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Counting in Czech

Enter a number and get it written in full in Czech.

Language overview

Forty-two in Czech The Czech language (čeština, český jazyk) is an Indo-European language that belongs to the West Slavic languages group. Official language in the Czech Republic, it is also a recognised minority language in Slovakia and Poland. In fact, it is even mutually intelligible with Slovak. The Czech language is spoken by about 10.6 million people.

Czech numbers list

  • 1 – jedna
  • 2 – dva
  • 3 – tři
  • 4 – čtyři
  • 5 – pět
  • 6 – šest
  • 7 – sedm
  • 8 – osm
  • 9 – devět
  • 10 – deset
  • 11 – jedenáct
  • 12 – dvanáct
  • 13 – třináct
  • 14 – čtrnáct
  • 15 – patnáct
  • 16 – šestnáct
  • 17 – sedmnáct
  • 18 – osmnáct
  • 19 – devatenáct
  • 20 – dvacet
  • 30 – třicet
  • 40 – čtyřicet
  • 50 – padesát
  • 60 – šedesát
  • 70 – sedmdesát
  • 80 – osmdesát
  • 90 – devadesát
  • 100 – sto
  • 1,000 – tisíc
  • one million – milión
  • one billion – miliarda

Czech numbering rules

  • Digits are specific words, namely nula [0], jeden [1], dva [2], tři [3], čtyři [4], pět [5], šest [6], sedm [7], osm [8], and devět [9]. The digits one and two are gendered forms: jeden/jedna/jedno and dva/dvě/dvě (masculine/feminine/neuter).
  • From eleven to nineteen, numbers are suffixed by -náct (-teen): jedenáct [11], dvanáct [12], třináct [13], čtrnáct [14], patnáct [15], šestnáct [16], sedmnáct [17], osmnáct [18], and devatenáct [19].
  • Tens are formed by adding ten (cet/desát) to the end of the multiplier digit root, with the obvious exception of ten itself: deset [10], dvacet [20], třicet [30], čtyřicet [40], padesát [50], šedesát [60], sedmdesát [70], osmdesát [80], and devadesát [90].
  • For numbers from twenty-one to ninety-nine, we state the ten, then the unit separated with a space (e.g.:dvacet tři [23], třicet dva [32]).
  • Hundreds are formed the same way as the tens, i.e. by setting a form of the word for hundred (sto/stě/sta/set, neuter) after the multiplier digit, except for one hundred itself: sto [100], dvě stě or dvě sta [200], tři sta [300], čtyři sta [400], pět set [500], šest set [600], sedm set [700], osm set [800], and devět set [900]. The form stě is a relic of the grammatical dual number; sta is the nominative case of plural, while set is the genitive case of plural.
  • Thousands follow the same rule, setting a form of the word for thousand (tisíc/tisíce, masculine) after the multiplier digit, except fo one thousand itself: tisíc [1,000], dva tisíce [2,000], tři tisíce [3,000], čtyři tisíce [4,000], pět tisíc [5,000], šest tisíc [6,000], sedm tisíc [7,000], osm tisíc [8,000], and devět tisíc [9,000]. If tisíc is the genitive case of plural (and also the nominative case of singular for 1,000), tisíce is the nominative case of plural.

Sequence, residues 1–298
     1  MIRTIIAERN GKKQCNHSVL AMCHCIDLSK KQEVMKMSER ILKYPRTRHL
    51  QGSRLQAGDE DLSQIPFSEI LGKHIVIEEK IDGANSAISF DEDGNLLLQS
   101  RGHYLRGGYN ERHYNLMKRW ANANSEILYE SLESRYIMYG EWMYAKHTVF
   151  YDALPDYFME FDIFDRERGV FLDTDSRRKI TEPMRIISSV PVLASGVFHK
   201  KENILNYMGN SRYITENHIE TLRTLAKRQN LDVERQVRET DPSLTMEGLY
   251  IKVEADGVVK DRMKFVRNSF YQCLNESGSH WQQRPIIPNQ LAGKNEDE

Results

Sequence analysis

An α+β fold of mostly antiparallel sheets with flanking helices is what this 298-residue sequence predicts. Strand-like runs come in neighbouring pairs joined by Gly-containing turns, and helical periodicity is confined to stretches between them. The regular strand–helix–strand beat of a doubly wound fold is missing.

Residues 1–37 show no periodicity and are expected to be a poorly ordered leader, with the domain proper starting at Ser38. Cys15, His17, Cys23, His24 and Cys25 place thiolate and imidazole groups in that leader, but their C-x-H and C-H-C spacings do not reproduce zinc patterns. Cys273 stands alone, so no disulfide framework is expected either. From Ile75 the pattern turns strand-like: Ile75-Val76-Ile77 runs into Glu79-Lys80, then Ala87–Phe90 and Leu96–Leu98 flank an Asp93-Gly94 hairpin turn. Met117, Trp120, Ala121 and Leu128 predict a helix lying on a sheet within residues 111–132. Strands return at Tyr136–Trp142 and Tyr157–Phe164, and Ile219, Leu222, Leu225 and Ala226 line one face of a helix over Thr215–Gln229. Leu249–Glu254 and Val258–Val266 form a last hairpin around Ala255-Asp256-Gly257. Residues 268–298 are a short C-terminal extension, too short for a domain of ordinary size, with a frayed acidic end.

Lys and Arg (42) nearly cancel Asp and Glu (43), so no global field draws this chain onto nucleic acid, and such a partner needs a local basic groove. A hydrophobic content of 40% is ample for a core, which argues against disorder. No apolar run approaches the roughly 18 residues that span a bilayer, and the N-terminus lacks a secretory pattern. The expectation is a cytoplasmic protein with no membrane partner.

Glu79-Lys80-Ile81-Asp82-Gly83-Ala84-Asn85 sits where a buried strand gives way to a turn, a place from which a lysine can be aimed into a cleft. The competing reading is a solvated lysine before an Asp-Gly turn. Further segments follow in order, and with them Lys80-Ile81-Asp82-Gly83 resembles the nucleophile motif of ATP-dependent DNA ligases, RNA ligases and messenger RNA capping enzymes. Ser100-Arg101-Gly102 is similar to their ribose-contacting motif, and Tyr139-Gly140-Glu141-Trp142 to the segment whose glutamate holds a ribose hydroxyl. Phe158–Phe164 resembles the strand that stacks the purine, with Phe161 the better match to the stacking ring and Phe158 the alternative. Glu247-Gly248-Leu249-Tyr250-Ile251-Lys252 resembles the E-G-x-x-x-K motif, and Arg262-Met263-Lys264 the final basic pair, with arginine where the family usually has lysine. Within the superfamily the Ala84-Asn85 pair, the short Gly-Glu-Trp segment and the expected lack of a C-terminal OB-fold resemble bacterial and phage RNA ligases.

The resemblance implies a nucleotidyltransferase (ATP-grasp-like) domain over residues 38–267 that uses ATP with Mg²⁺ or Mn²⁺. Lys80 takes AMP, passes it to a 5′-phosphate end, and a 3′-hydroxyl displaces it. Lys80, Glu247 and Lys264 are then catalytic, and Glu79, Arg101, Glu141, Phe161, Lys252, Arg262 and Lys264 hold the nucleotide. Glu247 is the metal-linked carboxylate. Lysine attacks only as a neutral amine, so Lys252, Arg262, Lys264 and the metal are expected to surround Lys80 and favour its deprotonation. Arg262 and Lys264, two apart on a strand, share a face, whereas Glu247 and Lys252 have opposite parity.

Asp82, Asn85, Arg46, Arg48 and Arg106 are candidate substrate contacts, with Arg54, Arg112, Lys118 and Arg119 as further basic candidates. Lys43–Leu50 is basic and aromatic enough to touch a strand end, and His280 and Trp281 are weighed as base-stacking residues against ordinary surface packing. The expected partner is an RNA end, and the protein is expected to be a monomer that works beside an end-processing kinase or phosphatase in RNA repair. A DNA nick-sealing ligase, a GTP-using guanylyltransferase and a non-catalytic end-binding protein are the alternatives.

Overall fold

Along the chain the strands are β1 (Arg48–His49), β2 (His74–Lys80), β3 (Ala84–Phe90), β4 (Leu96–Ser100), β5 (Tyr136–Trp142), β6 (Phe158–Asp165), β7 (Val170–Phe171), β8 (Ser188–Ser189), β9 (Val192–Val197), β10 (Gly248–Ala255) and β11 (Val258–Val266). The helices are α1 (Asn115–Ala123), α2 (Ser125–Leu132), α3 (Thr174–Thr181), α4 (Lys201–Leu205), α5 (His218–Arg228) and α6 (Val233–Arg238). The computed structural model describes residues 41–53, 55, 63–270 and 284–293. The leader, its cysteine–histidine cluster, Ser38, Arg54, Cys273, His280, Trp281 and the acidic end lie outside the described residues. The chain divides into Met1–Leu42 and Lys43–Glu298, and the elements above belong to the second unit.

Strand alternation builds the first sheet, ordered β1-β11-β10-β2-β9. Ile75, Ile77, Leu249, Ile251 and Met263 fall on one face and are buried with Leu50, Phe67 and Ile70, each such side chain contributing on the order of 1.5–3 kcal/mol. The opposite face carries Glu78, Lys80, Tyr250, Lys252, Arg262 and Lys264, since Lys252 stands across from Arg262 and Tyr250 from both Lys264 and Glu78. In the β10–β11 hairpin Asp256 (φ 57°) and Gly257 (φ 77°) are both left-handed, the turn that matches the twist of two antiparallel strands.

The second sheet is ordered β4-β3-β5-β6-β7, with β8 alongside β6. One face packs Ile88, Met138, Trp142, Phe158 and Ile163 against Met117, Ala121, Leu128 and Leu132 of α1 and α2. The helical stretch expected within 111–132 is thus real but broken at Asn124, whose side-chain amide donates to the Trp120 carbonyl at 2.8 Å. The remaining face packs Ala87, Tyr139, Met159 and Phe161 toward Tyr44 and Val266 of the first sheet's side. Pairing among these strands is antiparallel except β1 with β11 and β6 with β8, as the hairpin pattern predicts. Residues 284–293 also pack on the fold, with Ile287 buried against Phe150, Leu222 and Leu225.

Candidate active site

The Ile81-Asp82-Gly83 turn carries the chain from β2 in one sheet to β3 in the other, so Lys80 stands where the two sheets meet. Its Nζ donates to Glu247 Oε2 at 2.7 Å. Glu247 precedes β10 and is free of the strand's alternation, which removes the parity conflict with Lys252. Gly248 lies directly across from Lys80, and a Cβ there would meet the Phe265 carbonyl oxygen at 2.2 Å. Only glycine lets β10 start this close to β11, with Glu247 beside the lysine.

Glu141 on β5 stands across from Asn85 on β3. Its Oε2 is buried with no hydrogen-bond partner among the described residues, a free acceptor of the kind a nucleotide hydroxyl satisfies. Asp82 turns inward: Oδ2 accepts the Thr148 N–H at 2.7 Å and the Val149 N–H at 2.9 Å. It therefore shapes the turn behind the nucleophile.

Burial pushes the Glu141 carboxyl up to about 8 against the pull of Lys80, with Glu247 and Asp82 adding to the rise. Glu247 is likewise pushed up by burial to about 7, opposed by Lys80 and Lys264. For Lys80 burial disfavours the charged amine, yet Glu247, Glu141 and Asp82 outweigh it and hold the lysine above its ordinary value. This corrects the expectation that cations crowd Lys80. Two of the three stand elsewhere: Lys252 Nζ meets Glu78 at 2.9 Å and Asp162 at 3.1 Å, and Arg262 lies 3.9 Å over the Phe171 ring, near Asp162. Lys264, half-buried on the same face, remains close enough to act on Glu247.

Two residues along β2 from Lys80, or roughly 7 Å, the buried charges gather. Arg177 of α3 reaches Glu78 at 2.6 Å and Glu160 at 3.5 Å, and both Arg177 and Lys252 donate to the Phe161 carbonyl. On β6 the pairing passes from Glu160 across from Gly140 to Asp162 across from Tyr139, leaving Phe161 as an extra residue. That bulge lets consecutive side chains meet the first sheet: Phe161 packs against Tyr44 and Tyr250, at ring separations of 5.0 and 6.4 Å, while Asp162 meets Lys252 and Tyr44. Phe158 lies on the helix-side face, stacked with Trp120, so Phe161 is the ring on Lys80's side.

• Millions also follow the same rule, setting a form of the word for million (milión/miliony/milionů, masculine) after the multiplier digit, except for one million itself: milión [1 million], dva miliony [2 millions], tři miliony [3 millions], čtyři miliony [4 millions], pět milionů [5 millions], šest milionů [6 millions], sedm milionů [7 millions], osm milionů [8 millions], and devět milionů [9 millions]. Again, milionů is the genitive case of plural, and miliony is the nominative case of plural.
  • Quite expectedly, billions do follow the same rule, setting a form of the word for billion (miliarda/miliardy/miliard, which is feminine) after the multiplier digit, except for one billion itself: miliarda [1 billion], dvě miliardy [2 billions], tři miliardy [3 billions], čtyři miliardy [4 billions], pět miliard [5 billions], šest miliard [6 billions], sedm miliard [7 billions], osm miliard [8 billions], and devět miliard [9 billions]. Again, miliard is the genitive case of plural, and miliardy is the nominative case of plural.
  • The Czech language uses the long numeric scale to name big numbers, alternating the -ión and -iarda suffixes for the powers of ten multiples of three. Thus, we get milión (million, 106), then miliarda (billion, 109), bilión (trillion, 1012), biliarda (quadrillion, 1015)…

Books

Czech: An Essential GrammarCzech: An Essential Grammar
by , editors Routledge (2005)
[Amazon.com Amazon.com]

Tchèque expressTchèque express
by , editors Éditions du Dauphin (2002)
[Amazon.com Amazon.com]

La langue tchèqueLa langue tchèque
by , editors Éditions Ophrys (2000)
[Amazon.com Amazon.com]

Sources

West Slavic languages

Czech, and Slovak.

Other supported languages

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